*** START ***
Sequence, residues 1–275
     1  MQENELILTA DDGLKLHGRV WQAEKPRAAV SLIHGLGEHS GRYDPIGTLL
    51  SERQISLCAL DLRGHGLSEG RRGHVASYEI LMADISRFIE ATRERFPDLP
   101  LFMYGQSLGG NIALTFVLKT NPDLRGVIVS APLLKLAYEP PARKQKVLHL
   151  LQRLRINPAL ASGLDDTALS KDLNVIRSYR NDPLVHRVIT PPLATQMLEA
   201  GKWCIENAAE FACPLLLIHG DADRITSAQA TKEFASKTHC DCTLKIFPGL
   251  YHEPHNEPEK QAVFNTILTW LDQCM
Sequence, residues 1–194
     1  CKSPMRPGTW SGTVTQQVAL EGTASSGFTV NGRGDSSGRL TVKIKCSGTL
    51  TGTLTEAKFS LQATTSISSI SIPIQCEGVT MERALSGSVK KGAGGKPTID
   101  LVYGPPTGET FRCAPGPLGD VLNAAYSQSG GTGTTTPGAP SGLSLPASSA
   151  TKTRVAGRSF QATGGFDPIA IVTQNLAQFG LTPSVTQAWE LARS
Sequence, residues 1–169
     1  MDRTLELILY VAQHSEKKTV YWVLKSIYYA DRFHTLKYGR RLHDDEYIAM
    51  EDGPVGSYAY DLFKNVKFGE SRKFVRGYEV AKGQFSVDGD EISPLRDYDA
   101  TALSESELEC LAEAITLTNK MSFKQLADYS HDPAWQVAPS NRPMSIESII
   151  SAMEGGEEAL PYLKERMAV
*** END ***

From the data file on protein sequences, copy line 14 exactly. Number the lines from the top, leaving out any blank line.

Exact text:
     1  MDRTLELILY VAQHSEKKTV YWVLKSIYYA DRFHTLKYGR RLHDDEYIAM